Report: Insurgent Leader says Talks with U.S. Stopped


Iraqi Insurgent Leader: Premier's Initiative Rejected, Dialogue With U.S. Halted

A leader of an armed Iraqi group has denied the existence of any dialogue with the current Iraqi Government or US Ambassador in Iraq Zalmay Khalilzad. (Asharq al Awsat)

Army Translator Missing in Baghdad

A U.S. military spokesman said Tuesday there had been no word on the fate of a U.S. Army solider reported missing in Baghdad, as troops continued door-to-door searches in the central Karradah district. (AP)

Army General Tells a Little-Known Tale of Pre-War Intelligence on Iraq

He goes by the nickname "Spider." And it's doubtful you've ever heard of him, even though his role in the search for weapons of mass destruction in Iraq has been recounted in two recent exposes about the Bush administration's runup to the Iraq war. (Congressional Quarterly)

Iraqis May Control Security in 12-18 Mos

U.S. officials said Tuesday Iraqi leaders have agreed to develop a timeline by the end of the year for progress in stabilizing Iraq, and Iraqi forces should be able to take full control of security in the country in the next 12 to 18 months with "some level" of American support. (AP)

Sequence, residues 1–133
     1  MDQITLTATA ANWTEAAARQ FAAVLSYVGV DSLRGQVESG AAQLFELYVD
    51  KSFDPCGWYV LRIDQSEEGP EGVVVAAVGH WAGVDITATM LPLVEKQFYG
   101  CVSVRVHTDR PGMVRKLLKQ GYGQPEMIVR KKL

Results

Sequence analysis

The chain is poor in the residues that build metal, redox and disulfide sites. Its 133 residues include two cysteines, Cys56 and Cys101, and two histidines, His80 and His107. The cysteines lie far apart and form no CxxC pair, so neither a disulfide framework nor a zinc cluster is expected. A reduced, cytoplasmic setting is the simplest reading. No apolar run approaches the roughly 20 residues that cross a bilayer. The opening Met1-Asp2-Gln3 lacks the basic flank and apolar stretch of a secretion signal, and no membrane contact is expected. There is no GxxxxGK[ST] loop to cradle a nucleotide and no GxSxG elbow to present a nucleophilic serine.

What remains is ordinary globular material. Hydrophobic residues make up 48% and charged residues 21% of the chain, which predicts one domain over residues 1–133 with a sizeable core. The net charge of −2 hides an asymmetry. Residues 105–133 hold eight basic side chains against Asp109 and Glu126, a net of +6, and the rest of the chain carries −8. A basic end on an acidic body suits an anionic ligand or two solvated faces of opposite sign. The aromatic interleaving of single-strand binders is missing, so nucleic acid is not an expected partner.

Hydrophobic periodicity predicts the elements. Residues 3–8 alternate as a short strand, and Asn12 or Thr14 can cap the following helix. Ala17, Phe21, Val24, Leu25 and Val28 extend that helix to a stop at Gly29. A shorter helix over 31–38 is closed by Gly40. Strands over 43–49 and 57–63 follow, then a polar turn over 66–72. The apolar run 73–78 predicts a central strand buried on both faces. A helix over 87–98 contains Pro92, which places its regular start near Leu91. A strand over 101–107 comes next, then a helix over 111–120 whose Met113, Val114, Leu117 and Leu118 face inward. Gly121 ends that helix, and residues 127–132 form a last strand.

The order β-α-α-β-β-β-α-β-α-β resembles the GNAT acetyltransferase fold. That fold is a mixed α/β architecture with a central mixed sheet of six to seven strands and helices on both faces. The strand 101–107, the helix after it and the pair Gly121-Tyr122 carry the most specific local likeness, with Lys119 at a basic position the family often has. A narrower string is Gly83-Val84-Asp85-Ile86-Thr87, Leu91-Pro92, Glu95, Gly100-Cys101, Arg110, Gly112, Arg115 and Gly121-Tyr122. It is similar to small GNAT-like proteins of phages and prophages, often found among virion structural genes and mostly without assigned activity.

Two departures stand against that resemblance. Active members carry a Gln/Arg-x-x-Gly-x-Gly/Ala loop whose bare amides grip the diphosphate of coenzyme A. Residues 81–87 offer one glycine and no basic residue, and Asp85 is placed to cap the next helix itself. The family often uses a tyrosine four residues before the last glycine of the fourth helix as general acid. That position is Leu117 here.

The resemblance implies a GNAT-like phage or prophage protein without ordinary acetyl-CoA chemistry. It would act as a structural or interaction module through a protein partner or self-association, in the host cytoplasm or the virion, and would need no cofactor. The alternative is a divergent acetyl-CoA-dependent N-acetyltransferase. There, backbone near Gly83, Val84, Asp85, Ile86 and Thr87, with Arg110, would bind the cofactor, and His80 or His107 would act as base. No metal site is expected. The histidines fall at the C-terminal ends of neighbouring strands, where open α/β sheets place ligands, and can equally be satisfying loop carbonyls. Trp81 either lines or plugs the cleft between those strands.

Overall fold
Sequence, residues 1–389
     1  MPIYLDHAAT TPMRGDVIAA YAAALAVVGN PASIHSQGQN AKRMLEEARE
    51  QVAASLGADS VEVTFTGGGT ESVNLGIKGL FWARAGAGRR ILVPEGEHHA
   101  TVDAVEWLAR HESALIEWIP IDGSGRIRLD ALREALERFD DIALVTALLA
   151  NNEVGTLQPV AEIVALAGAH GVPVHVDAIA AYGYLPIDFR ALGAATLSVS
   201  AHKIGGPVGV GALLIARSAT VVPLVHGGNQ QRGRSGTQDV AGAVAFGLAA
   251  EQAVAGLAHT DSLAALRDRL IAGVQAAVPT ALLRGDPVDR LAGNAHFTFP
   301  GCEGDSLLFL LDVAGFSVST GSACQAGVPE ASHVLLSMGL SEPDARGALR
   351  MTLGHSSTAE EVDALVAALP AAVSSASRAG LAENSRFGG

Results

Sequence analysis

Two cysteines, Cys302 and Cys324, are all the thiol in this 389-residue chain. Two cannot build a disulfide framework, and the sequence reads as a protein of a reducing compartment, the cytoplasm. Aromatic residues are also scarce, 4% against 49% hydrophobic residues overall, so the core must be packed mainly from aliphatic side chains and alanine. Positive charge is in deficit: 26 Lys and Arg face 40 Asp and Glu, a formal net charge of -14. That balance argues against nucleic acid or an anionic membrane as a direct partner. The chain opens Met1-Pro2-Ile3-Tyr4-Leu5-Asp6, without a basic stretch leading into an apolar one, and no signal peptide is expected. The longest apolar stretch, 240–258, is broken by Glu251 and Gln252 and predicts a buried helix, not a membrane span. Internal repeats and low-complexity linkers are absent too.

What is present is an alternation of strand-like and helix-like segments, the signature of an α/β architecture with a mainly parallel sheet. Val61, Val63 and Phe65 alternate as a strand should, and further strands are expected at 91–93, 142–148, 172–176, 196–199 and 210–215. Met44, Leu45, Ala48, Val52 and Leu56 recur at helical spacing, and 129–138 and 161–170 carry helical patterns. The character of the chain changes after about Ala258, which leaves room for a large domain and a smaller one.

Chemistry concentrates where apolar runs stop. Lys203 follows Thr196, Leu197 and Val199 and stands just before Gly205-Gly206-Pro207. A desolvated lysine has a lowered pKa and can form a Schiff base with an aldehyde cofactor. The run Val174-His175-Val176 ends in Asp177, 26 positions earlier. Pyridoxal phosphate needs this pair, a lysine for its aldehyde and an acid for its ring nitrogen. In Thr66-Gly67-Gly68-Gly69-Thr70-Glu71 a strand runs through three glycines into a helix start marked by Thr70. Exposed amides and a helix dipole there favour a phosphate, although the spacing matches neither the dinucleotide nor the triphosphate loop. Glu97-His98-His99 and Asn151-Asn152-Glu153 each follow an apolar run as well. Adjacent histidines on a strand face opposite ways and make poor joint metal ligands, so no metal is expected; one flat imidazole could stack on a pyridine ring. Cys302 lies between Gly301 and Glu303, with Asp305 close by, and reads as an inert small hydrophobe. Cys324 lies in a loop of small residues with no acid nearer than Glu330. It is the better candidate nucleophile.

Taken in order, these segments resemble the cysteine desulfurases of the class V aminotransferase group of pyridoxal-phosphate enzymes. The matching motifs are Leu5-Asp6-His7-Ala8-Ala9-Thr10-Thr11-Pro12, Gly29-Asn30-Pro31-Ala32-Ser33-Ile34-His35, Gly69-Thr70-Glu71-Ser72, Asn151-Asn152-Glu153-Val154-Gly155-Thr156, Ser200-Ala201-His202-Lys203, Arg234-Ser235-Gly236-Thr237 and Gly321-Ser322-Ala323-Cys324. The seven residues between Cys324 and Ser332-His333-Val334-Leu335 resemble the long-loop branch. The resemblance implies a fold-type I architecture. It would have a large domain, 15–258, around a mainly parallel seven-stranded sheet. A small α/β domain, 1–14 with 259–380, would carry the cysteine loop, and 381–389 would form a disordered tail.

Iraqi Defense Officials Stole About $800 Million, Says Former Finance Minister

Former Iraqi Finance Minister, Ali Allawi, accused former Iraqi defense ministry officials of stealing up to $800 million from funds meant for the procurement of new weapons. Ali Allawi said in a TV interview on Sunday that only about $400 of the $1.2 billion allotted by the Iraqi government to the country's defense ministry was utilized to buy arms. He insisted that the rest of the money was stolen by the corrupt former defense ministry officials. (RTT News)


Pakistan May Ink Another Peace Deal with Militants

Maulana Faqir Mohamed, once most wanted cleric in Pakistan's Bajaur tribal region, and his fellow militants are likely to ink peace accord with the government after Eid al-Fitr, as the government has released all his relatives as a goodwill gesture. (Gulf Times)


Palestinian Gunmen Kidnap AP Photographer in Gaza

Palestinian gunmen kidnapped a Spanish photographer working for the Associated Press news agency in the Gaza Strip on Tuesday, the AP said. (Reuters)


Taliban Plotting Attacks in Europe

Afghan militants are planning to launch deadly attacks on civilians in Europe in revenge for the 2001 invasion by United States-led forces, a Taliban commander said on Sky News television Monday. (Daily Times)


Medical Views of 9/11's Dust Show Big Gaps

In 2004, Kenneth R. Feinberg, special master of the federal Sept. 11 Victim Compensation Fund, awarded $2.6 million to the family of a downtown office worker who died from a rare lung disease five months after fleeing from the dust cloud released when the twin towers fell. That decision made the worker, Felicia Dunn-Jones, a 42-year-old lawyer, the first official fatality of the dust, and one of only two deaths to be formally linked to the toxic air at ground zero. (New York Times)


Part of Anti-Terror Law Struck Down

A judge has struck a portion of the Anti-Terrorism Act which defines terrorism, saying it violates the Charter of Rights. (Canadian Press)


2 Militants in 2002 Bali Bombing Freed

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